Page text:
Pharma 2020: companies will use virtual R&D to increase innovation and reduce commercial deficit

    TORONTO, Aug. 7 /CNW/ - By 2020 the R&D process for life science
companies may be shortened by two-thirds, success rates may dramatically
increase, and clinical trial costs could be cut substantially, according to
research launched by PricewaterhouseCoopers (PwC), entitled Pharma 2020:
Virtual R&D, which path will you take? New computer based technologies will
create a greater understanding of the biology of disease and the evolution of
'virtual man' to enable researchers to predict the effects of new drug
candidates before they enter human beings. Along with changes underway in the
regulatory and socio-political environment, this will enable life science
companies to overcome one of the most fundamental issues it needs to resolve
over the next decade.
    The industry is at a pivotal point in its evolution, particularly in
relation to R&D. The patents on many of the medicines launched in the 1990s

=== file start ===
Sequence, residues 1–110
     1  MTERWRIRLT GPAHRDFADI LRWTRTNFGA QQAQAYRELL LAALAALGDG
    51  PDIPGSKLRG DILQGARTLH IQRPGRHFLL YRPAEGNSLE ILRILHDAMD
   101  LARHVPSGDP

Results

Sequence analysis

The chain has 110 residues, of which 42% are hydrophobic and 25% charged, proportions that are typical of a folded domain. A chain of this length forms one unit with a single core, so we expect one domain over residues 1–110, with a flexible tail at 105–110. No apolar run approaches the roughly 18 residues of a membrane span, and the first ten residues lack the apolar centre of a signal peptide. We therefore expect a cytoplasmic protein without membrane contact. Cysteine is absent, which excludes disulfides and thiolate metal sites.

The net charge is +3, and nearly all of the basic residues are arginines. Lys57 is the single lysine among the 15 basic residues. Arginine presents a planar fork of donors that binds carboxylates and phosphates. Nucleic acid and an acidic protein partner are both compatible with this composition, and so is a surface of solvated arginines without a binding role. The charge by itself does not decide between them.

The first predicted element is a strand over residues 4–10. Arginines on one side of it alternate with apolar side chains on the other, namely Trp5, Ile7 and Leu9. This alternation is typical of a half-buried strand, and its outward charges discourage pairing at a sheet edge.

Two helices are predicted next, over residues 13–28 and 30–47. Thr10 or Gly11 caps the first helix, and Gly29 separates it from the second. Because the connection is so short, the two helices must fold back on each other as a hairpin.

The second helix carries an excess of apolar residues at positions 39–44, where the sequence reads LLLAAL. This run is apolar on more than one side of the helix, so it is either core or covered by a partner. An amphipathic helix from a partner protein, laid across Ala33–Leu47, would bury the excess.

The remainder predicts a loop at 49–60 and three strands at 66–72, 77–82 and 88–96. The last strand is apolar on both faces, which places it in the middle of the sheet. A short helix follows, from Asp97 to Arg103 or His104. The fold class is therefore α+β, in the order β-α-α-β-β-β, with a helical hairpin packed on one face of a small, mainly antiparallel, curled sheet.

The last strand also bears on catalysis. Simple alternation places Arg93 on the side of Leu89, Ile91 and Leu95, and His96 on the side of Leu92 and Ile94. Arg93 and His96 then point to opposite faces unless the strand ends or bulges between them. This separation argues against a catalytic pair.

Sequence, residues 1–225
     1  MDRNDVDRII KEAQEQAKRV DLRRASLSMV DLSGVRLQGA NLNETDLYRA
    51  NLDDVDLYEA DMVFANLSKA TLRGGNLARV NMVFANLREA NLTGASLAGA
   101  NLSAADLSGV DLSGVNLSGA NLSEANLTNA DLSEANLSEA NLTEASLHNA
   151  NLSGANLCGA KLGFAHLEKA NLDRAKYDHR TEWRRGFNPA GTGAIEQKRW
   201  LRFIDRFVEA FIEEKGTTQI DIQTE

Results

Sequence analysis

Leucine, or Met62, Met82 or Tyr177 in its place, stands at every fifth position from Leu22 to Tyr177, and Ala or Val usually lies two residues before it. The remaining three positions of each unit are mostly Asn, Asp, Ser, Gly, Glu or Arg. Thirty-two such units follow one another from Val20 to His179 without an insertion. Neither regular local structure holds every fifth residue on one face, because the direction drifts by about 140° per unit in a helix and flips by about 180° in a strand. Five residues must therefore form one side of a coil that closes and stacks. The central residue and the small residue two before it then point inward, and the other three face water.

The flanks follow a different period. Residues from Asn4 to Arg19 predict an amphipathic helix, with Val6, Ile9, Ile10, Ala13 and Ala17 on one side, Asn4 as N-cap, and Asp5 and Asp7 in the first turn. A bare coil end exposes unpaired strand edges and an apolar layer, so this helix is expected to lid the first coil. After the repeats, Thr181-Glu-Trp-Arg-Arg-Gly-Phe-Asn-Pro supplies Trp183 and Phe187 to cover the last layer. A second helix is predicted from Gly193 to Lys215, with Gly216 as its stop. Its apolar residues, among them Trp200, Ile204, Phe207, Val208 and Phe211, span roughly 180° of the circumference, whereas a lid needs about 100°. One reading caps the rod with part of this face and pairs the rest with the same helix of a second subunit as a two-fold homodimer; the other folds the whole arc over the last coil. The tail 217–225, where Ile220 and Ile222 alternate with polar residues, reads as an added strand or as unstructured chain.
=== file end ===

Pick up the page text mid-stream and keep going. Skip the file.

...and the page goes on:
will expire over the next few years, leaving Pharma very exposed. Only four
out of the top 10 companies have enough products in their pipelines to fill
the impending revenue gap.
    "Plummeting productivity of effective novel treatments in the lab means
incremental improvements to R&D are no longer enough," says Gord Jans, leader
of the Canadian Life Sciences practice. "The resulting commercial deficit in
Pharma has enormous implications for the industry, society and governments as
a whole. Without a successful and vibrant pharma sector in Canada there could
be a long-term adverse impact across the entire value chain. To remain at the
forefront of medical research, help patients live longer healthier lives and
deliver the revenue returns shareholders have come to expect, the industry
needs a faster, more predictive way of testing molecules before they go into
humans. Equally as a society we must acknowledge that we cannot afford to
suffocate the investments made by the industry into R&D; a concern that should
be high on the socio-political agenda. We have to face the issue that if
Pharma is no longer financially capable of this, where will the next new
medicines come from?"
    'Virtual man' could ultimately evolve from the deployment of existing
technologies that are connected in a new way. Models of the heart, organ,